Will a Direct Flight to China Boost the State Economy?

Mike Walden You Decide …

My first long distance trip outside my hometown of Cincinnati was to West Virginia by train. Although my memory is fuzzy – this was in the 1950s – it wasn’t a luxury train. In fact, I don’t even remember a meal car. I don’t think I cared. I was mesmerized by watching the scenery go by – especially the hills and valleys of the “mountain state.”

Air travel has now replaced train travel as the most common mode of transportation for long distance trips. In 2017 there were a stunning 2.2 billion domestic air flights in the country. Although many of us – including yours truly – often complain about ticket costs, delays and discomfort, we still prefer air travel for its speed and safety over long distance trips.

Now, something new may be coming to North Carolina in air travel. Something that many say could have a big, positive impact on our state’s economy. Local leaders and air flight experts are beginning discussions about the possibility of a direct – meaning nonstop – flight from RDU International Airport to an airport in China. Shanghai is a possibility, but there could be others in the mix.

Nonstop flights are the “crown jewels” of air travel. Not only are they usually shorter flights than those that make stops, but they also eliminate the time involved in changing planes, the time on the ground and the potential for delays and lost luggage that accompanies a stop.

Beyond convenience, how could a direct North Carolina to China flight help our state’s economy? There are three potential ways. Such a flight could help increase North Carolina exports to China. A direct flight could also increase Chinese investments in North Carolina, and a direct North Carolina to China flight would likely encourage more Chinese tourists to visit North Carolina.

Let me evaluate each of these possible impacts. China is the third most important country for North Carolina exports, exceeded only by Canada and Mexico. The latest annual data indicate North Carolina exports $3 billion of both products and services to China. Among the top product exports are a combination of agricultural goods (oilseeds, grains, pulp, meat) and technology products (semiconductors). It is estimated that exports to China support 28,000 jobs in the state.

A direct North Carolina to China flight wouldn’t necessarily mean more exports would be loaded on planes flying to China. Instead, a direct flight would give North Carolina businesses easier access to China for promoting North Carolina products and services and evaluating the Chinese market. This is important because China appears to be refocusing its economy by putting greater emphasis on household purchases of its rapidly expanding middle-class.

China is a big investor in the world, and it appears the country is shifting its portfolio away from financial investments – like stocks and bonds – to investments in companies. In North Carolina, China’s company investments have been diversified, including food (Smithfield), technology (Lenovo), transportation (rail cars and tire production) and many others. These Chinese investments in North Carolina based companies have created an estimated 15,000 jobs, more than in any other state.

China’s investments in companies in the U.S. are increasing by between $10 billion and $20 billion annually. China has had success with its North Carolina investments, and apparently likes the economic and business climate in the state.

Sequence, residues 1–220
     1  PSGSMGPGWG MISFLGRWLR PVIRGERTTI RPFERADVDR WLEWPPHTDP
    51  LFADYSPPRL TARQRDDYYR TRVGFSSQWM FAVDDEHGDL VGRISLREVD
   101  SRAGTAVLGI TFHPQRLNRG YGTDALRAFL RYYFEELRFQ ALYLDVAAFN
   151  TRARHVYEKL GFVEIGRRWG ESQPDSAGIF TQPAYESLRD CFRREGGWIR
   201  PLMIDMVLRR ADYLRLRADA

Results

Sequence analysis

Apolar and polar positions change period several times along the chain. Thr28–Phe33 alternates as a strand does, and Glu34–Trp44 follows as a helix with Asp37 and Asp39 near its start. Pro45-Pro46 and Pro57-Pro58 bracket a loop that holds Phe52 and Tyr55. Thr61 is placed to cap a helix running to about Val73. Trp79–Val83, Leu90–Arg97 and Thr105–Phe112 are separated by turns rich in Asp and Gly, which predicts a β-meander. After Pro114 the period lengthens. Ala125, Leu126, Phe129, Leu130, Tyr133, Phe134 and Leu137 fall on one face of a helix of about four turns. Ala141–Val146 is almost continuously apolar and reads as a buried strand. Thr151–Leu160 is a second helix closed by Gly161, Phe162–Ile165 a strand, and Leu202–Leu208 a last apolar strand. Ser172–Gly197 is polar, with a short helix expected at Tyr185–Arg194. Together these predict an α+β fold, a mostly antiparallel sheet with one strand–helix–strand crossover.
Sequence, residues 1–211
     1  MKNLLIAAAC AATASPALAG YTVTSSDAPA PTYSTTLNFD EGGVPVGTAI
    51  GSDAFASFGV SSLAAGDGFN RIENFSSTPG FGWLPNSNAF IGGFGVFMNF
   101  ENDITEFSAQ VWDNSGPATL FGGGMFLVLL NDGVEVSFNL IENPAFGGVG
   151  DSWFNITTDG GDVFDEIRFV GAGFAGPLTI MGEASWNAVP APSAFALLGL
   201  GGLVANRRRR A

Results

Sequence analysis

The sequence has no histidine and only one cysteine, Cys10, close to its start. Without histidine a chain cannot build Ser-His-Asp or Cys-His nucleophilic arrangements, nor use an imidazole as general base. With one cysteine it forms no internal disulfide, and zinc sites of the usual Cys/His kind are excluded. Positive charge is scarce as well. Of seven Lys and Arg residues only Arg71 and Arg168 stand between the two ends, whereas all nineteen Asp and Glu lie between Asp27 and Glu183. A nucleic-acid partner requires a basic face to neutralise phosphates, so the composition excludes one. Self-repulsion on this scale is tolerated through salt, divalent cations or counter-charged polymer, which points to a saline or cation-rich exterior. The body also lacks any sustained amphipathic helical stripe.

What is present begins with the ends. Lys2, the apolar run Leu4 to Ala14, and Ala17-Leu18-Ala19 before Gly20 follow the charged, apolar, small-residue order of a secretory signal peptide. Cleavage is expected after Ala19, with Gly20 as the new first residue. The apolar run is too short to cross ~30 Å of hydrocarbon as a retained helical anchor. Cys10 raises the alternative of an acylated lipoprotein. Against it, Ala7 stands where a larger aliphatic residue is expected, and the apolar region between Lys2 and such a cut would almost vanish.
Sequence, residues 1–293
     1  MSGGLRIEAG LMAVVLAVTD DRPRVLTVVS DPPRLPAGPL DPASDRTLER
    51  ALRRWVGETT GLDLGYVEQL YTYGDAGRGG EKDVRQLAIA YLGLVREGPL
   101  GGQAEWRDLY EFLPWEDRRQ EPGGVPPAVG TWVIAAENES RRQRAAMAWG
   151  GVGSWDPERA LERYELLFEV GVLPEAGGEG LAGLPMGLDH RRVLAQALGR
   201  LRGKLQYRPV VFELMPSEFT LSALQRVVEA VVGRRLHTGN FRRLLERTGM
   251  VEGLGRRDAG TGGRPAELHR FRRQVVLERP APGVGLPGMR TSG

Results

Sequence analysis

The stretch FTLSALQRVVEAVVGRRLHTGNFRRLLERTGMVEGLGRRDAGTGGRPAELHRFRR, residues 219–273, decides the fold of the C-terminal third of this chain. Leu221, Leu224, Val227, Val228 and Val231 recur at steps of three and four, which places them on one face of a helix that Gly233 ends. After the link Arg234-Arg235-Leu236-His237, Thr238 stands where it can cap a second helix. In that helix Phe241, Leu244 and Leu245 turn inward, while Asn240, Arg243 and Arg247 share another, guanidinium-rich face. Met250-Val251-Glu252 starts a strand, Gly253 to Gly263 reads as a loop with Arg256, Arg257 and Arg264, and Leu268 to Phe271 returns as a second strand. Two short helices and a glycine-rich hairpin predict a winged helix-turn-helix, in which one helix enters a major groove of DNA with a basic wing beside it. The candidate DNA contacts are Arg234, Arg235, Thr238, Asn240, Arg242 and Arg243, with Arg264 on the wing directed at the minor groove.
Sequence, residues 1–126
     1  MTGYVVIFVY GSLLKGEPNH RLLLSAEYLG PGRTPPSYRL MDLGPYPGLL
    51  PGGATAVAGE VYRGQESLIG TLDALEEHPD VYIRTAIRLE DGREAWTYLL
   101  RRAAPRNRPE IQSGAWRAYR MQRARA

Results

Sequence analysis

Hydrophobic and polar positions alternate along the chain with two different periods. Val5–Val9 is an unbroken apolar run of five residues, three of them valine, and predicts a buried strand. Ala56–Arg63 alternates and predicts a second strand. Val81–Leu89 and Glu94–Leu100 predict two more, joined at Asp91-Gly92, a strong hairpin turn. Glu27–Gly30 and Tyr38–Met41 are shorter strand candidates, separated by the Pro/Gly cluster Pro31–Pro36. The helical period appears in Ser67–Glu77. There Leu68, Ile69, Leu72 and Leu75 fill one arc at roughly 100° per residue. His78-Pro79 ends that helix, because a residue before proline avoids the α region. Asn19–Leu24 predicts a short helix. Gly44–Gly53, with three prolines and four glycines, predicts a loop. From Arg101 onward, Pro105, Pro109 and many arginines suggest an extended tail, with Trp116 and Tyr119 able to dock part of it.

The third potential economic impact from a nonstop flight between North Carolina and China could be the biggest of all. In 2001, only 12 million Chinese traveled the world as tourists. By 2016, the number of Chinese tourists had grown to 135 million tourists, and they spent $261 billion. The Chinese now make up the largest block of international tourists, and their numbers are expected to continue growing, rising to 200 million by 2020.

Tourists spend money and generate economic activity in the destinations they visit. Currently, Chinese tourists to the U.S stick mainly to the west coast, but research shows the initiation of direct flights can significantly increase tourism traffic.

Chinese tourists are said to prefer vacation sites with clean air and safe conditions. North Carolina certainly has these. Once reaching North Carolina, careful logistics would need to be developed to easily transport Chinese tourists to our beautiful beaches and mountains, cities and towns, golf courses and other sporting opportunities.

It’s hard to put an exact dollar value on what these three impacts from increased economic interaction with China could mean for the North Carolina economy. I wouldn’t be surprised if an increase in exports to China, a strengthening of Chinese investments in North Carolina and an expansion in the number of Chinese tourists could increase annual economic output in the state by $2 or $3 billion. This is as large as the textile and apparel industry.

Air travel today is as common as train travel was in the 1940s and 50s. Trains largely limited travel and economic interactions to within the country. Air flights have opened up travel and economic interactions to almost all parts of the world. Could a direct flight from North Carolina to China create new economic opportunities for our state? You decide!

Mike Walden is a William Neal Reynolds Distinguished Professor and Extension Economist in the Department of Agricultural and Resource Economics at North Carolina State University who teaches and writes on personal finance, economic outlook and public policy.

Mike Walden You Decide …
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